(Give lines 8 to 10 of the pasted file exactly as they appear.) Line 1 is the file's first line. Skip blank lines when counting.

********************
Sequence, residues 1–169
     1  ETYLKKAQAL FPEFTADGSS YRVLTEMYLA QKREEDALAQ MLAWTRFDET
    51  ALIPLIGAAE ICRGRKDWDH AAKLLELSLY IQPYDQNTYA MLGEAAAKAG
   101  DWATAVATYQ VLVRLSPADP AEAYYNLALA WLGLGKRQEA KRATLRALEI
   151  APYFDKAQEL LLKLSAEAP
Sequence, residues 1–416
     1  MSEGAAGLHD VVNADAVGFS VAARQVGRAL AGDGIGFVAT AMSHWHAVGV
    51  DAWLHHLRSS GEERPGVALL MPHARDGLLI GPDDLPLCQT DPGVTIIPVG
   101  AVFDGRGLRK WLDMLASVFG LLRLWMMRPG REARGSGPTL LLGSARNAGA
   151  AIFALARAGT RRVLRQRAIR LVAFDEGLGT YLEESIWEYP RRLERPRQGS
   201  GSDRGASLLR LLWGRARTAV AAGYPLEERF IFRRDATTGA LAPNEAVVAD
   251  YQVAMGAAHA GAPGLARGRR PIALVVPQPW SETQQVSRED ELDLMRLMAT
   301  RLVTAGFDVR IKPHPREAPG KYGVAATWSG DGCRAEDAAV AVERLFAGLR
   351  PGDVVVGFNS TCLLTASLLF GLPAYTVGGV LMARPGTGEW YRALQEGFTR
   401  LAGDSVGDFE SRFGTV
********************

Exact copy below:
    51  DAWLHHLRSS GEERPGVALL MPHARDGLLI GPDDLPLCQT DPGVTIIPVG
   101  AVFDGRGLRK WLDMLASVFG LLRLWMMRPG REARGSGPTL LLGSARNAGA
   151  AIFALARAGT RRVLRQRAIR LVAFDEGLGT YLEESIWEYP RRLERPRQGS